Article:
Round Eight: Trinidad's corner had worked their magic on their man, and the swelling under his left eye was surprisingly small at the outset of the eighth. At the 1:53 mark of the 8th, De La Hoya scored with yet another clean right hand down the middle. Trinidad continued to try and cut the ring but seconds later, De La Hoya nailed him with another sharp right hand to the chin. Both men traded shots with 1:08 to go, as Trinidad connected with a hard right but De La Hoya answered with a brisk three-shot combination. Trinidad regained control of the center of the ring and De La Hoya was forced to move along the ropes in an effort to elude his heavy punches.
--Running Out Of Gas--
Round Nine: At the 2:17 mark of the ninth round, De La Hoya flurried with a quick four-punch combo to the head and body that forced Trinidad to step back. Seconds later, De La Hoya stepped back inside and scored with another fast volley. With 1:42 to go in the 9th, Trinidad caught De La Hoya on the ropes long enough to land a sharp right hand over the top. The blow tagged De La Hoya above the left ear and he skittered away. A long grazing right hand from Trinidad just missed the mark as De La Hoya kicked it into overdrive trying to escape along the ropes. Moments later, Trinidad sank a sharp hook into De La Hoya ribs and then followed with a chopping right hand up top. De La Hoya attempted to fight back and with 32-seconds remaining in the 9th, caught Trinidad with a straight right hand down the middle. The punch landed flush and for a split-second Trinidad's legs wobbled as he lurched backwards. Just before the bell, De La Hoya scored with a short three-punch volley but it apparently did little to impress the officials.
Round Ten: Trinidad went back to work to open the 10th and began taking control of the contest. With 2:35 to go in the round, Trinidad caught De La Hoya with a left hook to the side of the head, followed by an overhand right to the face, and yet another hook to the jaw. De La Hoya put it in reverse and Trinidad stayed on the attack. Instead off snapping out his jab as he had done in the nine previous rounds, De La Hoya began getting lazy with his left and Trinidad started firing counter right hands over the top. With under 36-seconds remaining in the 10th, Trinidad scored with another long right as De La Hoya bounced up and down along the ropes. Trinidad closed out the tenth with another volley while De La Hoya's returned fire with wide looping punches that lacked steam. All the moving had taken its toll on De La Hoya. He seemed winded as his return to his corner.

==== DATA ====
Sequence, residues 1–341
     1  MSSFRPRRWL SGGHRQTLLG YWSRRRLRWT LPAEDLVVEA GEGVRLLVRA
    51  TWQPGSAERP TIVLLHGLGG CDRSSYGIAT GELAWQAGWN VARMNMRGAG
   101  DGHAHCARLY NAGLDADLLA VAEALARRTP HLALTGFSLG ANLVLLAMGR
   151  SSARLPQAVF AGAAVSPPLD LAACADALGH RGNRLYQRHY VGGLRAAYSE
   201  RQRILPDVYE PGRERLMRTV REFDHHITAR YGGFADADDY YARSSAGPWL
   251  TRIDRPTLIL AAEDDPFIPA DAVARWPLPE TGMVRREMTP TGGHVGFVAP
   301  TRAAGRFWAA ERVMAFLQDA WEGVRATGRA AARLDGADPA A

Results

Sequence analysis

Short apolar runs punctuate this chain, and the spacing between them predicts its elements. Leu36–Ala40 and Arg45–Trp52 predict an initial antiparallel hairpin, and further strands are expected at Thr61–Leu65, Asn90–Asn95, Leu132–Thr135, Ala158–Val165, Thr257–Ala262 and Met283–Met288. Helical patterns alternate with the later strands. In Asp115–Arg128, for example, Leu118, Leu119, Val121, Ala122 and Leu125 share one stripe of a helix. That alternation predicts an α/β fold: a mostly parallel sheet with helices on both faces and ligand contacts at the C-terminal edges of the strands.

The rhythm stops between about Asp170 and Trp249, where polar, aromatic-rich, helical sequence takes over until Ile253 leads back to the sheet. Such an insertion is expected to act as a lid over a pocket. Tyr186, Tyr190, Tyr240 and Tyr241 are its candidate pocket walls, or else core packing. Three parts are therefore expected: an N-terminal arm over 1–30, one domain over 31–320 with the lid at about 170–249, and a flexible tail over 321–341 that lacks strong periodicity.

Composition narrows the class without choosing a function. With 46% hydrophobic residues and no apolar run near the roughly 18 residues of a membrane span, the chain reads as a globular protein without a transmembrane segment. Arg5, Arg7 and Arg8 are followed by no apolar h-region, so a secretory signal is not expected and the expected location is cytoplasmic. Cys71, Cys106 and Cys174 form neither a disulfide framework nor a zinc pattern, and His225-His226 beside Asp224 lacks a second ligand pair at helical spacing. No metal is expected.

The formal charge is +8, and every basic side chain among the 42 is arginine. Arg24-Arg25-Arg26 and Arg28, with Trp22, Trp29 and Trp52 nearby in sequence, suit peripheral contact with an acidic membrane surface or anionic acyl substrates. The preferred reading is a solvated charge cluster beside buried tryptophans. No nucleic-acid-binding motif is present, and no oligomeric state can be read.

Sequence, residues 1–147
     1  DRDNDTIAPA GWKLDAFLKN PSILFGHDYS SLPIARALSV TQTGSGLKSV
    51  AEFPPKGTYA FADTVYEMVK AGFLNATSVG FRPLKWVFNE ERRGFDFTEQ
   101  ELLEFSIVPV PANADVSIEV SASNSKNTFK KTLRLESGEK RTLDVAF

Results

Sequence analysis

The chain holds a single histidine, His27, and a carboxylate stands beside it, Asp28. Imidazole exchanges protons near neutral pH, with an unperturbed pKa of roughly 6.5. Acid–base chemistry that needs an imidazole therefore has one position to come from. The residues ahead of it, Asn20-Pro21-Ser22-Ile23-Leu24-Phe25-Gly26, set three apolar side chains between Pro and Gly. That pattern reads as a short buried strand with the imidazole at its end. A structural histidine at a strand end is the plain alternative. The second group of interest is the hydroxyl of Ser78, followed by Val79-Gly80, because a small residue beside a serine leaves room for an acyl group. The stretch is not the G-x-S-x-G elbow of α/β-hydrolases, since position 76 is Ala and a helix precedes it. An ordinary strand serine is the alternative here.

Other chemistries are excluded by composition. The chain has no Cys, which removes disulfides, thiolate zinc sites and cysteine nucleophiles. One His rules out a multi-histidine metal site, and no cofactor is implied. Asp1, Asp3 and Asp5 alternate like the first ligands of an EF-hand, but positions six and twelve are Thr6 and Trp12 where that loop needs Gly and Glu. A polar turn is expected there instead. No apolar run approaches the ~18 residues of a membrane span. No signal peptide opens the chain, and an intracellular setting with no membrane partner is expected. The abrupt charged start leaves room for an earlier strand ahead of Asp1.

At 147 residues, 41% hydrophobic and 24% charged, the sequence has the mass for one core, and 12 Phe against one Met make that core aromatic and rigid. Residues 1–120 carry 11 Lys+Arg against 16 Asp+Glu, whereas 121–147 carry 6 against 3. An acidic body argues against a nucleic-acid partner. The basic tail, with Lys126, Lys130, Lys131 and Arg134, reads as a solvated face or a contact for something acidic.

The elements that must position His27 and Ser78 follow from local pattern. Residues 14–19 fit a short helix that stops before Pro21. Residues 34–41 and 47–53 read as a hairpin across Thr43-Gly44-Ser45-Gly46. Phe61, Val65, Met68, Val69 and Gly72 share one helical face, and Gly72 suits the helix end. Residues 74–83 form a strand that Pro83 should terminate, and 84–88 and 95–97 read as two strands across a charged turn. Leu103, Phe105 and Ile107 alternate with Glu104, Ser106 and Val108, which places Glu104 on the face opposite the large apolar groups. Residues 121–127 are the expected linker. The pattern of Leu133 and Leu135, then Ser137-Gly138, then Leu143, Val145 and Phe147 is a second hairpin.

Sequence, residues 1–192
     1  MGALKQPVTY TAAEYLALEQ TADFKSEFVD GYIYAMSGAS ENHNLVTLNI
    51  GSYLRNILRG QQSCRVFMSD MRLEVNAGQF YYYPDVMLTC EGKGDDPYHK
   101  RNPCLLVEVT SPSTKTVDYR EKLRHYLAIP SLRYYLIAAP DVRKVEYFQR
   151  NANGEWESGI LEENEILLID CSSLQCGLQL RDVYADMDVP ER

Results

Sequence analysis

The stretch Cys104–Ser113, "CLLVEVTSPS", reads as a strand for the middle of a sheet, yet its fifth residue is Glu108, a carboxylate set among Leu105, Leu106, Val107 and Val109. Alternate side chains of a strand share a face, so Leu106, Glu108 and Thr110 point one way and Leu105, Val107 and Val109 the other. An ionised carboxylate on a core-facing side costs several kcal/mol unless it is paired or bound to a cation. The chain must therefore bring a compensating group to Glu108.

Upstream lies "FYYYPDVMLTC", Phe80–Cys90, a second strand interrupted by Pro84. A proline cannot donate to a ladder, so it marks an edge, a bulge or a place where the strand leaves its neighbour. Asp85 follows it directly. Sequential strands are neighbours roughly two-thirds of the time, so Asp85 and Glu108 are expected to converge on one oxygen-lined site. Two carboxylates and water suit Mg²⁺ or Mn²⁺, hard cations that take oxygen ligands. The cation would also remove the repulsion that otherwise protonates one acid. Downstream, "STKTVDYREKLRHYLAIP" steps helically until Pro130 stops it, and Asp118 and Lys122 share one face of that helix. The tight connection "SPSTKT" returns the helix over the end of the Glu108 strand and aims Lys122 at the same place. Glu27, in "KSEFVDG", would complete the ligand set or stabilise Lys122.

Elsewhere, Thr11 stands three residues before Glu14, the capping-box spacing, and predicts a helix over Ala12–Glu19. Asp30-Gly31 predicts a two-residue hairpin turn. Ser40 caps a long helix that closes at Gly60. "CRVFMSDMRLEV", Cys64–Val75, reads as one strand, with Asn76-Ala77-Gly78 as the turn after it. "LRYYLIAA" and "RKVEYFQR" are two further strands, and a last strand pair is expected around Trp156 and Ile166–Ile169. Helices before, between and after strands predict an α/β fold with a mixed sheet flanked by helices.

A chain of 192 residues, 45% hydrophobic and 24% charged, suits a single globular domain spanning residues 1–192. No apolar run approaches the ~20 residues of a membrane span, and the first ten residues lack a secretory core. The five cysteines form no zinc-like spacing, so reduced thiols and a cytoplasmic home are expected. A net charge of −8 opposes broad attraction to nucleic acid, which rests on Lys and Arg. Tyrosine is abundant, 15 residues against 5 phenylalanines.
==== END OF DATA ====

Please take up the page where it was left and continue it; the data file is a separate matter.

Round Eleven: Both of De La Hoya's co-trainers Robert Alcazar and Gil Clancy stressed that he was in front and not to make mistakes over the last two rounds. That conservative strategy would prove to be the turning point in the fight and set the stage for Trinidad's victory. Both men traded jabs to open the eleventh but De La Hoya kept his pawing left out in front and Trinidad quickly countered over the top with a sizzling right hand to the jaw. With De La Hoya maneuvering along the ropes, Trinidad walked his man down and scored with two more sharp right hands. De La Hoya's left eye which had been reddening over the course of the battle began to swell. De La Hoya lacked the stick to keep Trinidad away and the IBF king kept up the pressure with two digging left hooks. At the 1:47 mark of the 11th, Trinidad scored with a shooting right hand lead and sweat cascaded off De La Hoya's head. The first clinch of the fight occurred at the 1:26 mark when De La Hoya grabbed Trinidad around the neck and the referee Halpern was forced to break the fighters. Halpern issued a brief warning to break clean and the action resumed. Trinidad was relentless as De La Hoya faded and caught the WBC champ with a sweeping left hook high on the head. As De La Hoya danced along the ropes, Trinidad feinted his left and then tattooed him with a lead right hand square on the mouth. At the bell, De La Hoya slowly returned to his corner while Trinidad raised his right hand to the cheers of the fans.